Photo: Darron Cummings/AP

The Kansas City Chiefs are making a change at quarterback: the team will start Nick Foles over Alex Smith for Sunday against the Jaguars. Tyler Bray will be the backup; Smith won’t even dress. Is Smith still suffering the effects of brain trauma from Sunday’s game against the Colts? The Chiefs aren’t even being clear on that.

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In last Sunday’s game, Smith scrambled on a pass play and a Colts defender bounced the quarterback’s head off the stadium turf. This happened twice. After the second, the team announced that Smith wouldn’t return after being diagnosed with a concussion:

On Monday, head coach Andy Reid said that Smith had passed concussion tests after both hits, but Reid was corrected by a team spokesperson. Then Chiefs head athletic trainer Rick Burkholder contradicted that, saying that the team’s tweet and the spokesperson were both incorrect. Smith had passed the protocol both times, but the second was announced prematurely. From the Kansas City Star:

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“The confusion came from this — that the first time we said he was returning after being in the protocol,” Burkholder said. “The second time, he was in the middle of the protocol … and we wanted to let the media know that he wasn’t coming back out. So I said to [vice president of communications] Ted [Crews] that he was out with a concussion, when the reality was he was out and he was in the middle of the concussion protocol.”

Burkholder said the last part of the concussion protocol had not occurred at the time of Crews’ announcement. That part requires the team physician, the independent consultant and/or Burkholder to review video of the hit.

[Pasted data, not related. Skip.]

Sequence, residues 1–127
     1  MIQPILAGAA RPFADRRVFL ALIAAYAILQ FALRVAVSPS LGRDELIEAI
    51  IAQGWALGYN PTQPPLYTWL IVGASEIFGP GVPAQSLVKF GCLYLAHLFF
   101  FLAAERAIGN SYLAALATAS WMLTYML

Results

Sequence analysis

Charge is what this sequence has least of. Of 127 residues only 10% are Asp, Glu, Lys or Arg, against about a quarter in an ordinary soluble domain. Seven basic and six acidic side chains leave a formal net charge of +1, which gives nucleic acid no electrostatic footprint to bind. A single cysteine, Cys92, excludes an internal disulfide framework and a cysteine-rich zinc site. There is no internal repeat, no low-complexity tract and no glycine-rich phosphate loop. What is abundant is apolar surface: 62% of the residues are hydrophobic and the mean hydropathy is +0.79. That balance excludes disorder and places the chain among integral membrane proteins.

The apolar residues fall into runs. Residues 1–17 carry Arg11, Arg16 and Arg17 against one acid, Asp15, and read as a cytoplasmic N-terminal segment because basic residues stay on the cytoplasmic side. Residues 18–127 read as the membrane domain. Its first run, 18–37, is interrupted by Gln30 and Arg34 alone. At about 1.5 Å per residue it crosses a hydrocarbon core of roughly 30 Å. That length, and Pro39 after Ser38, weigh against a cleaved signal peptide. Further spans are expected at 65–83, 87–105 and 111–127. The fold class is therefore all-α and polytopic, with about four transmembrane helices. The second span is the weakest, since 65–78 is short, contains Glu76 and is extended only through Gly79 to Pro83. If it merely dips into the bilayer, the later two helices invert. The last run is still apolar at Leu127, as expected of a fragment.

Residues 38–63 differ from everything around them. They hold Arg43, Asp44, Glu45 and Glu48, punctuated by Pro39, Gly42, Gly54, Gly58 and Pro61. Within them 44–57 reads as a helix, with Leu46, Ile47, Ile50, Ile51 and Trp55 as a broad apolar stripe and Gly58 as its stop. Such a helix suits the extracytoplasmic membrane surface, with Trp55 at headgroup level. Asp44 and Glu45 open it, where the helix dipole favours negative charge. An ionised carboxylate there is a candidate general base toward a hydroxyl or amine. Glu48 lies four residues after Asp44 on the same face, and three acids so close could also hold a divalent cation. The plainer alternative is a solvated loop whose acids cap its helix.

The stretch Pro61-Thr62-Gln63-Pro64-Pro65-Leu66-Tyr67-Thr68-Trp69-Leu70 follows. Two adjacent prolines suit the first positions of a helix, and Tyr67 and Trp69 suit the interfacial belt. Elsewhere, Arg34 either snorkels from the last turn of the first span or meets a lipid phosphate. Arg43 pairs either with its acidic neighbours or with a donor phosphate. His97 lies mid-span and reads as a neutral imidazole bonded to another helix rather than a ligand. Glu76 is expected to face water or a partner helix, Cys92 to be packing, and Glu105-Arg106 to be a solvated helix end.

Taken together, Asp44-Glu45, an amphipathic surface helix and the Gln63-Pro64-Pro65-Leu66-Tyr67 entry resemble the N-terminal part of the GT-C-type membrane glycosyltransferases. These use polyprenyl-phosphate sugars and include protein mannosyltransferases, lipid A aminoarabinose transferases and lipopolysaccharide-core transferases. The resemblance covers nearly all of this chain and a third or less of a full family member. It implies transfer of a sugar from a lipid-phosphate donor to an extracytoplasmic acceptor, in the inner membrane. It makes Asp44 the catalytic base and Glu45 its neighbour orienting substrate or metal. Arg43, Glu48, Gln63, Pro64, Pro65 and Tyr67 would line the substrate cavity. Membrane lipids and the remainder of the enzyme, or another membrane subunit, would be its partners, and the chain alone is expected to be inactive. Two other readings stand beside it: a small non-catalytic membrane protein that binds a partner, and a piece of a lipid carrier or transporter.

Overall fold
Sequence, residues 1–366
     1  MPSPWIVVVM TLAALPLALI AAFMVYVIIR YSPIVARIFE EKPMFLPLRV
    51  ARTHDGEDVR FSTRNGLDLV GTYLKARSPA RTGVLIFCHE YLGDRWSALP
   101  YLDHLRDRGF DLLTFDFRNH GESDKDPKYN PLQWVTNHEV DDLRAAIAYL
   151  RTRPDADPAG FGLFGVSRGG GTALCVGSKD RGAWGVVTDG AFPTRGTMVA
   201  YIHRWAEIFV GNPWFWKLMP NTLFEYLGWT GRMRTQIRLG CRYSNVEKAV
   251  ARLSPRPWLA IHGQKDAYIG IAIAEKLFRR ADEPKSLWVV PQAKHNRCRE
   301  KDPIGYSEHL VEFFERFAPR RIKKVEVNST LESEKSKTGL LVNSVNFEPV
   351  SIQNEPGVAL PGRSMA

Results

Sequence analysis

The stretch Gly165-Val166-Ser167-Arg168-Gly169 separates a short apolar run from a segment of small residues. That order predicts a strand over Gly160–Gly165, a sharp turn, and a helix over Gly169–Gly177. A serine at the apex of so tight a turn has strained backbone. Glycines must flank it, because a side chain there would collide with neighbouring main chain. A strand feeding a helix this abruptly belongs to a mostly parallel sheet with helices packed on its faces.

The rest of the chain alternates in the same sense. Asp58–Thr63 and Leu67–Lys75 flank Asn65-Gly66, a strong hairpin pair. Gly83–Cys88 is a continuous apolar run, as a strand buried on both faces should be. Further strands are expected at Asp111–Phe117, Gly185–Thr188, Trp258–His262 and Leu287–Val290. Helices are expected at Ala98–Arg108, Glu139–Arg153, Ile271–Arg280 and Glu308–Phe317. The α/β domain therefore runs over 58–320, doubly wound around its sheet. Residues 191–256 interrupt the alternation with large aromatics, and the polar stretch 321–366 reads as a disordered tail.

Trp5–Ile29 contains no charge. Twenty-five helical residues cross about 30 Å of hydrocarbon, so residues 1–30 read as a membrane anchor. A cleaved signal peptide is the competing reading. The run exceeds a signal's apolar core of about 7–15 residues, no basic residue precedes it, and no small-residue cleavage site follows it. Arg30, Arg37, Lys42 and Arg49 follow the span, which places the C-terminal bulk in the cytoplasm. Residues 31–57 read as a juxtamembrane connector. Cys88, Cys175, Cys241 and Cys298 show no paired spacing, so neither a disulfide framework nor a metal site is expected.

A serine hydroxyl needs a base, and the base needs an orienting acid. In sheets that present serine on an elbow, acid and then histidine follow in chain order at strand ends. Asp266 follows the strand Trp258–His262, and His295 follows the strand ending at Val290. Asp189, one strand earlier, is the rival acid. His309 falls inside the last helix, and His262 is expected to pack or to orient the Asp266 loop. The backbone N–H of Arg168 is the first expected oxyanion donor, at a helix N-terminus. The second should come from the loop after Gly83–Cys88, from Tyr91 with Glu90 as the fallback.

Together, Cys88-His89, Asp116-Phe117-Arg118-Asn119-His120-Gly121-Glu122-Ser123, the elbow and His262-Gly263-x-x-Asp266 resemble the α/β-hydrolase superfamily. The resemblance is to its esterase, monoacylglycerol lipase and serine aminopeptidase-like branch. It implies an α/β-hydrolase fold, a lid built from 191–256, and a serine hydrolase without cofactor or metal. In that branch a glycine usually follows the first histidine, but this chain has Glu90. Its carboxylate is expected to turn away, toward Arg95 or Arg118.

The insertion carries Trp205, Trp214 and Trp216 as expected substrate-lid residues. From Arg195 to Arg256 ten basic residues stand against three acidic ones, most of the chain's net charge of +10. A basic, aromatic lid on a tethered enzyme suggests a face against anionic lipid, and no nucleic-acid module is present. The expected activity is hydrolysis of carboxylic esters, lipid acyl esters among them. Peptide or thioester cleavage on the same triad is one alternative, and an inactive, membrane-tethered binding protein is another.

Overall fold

“(Like) whether we think he was unconscious (and) he said not,” Burkholder said of what he looks for on the video. “So there’s a lot of steps there and it takes 15, 20 minutes to get through.

“The confusion came when I told Ted ‘concussion, out’ when really, he was out and in the middle of the concussion protocol, but we weren’t going to return him in the same game.”

Here’s a simpler version: Smith’s head becomes acquainted with the ground; team clears him; Smith’s head hits the ground again; team announces he won’t return and has a concussion, even though they were still checking him out; Reid says Smith doesn’t suffer a concussion; Chiefs spokesperson says Smith did suffer a concussion; Chiefs trainer says Smith never had a concussion in the first place and has no symptoms. Yet he’s still not going to play.

Today, Smith is in the “return to participation” protocol and is supposed to practice. Being in that protocol would imply that Smith was diagnosed with a concussion at some point. Being able to practice would imply that Smith is healthy. And if Smith were healthy, he would be starting at quarterback.

Alex Smith is fine, but not fine enough to play on Sunday, or even to play in case of emergency. What does the man at the center of this have to say about it?

Concussions are difficult to diagnose because symptoms don’t necessarily appear right away, and miscommunication between medical staff and coaches appears to have exacerbated the confusion in this case, but the NFL’s protocol makes all of this incredibly hard to follow. Smith smacked his head twice, looked woozy, and was examined both times, but supposedly didn’t have a concussion or any symptoms, yet he’s already been ruled out of this weekend’s game for ... reasons. The protocol might have accidentally been a success in that Smith won’t be rushed back on the field too soon, but how the Chiefs got to this decision seems impossible to figure out.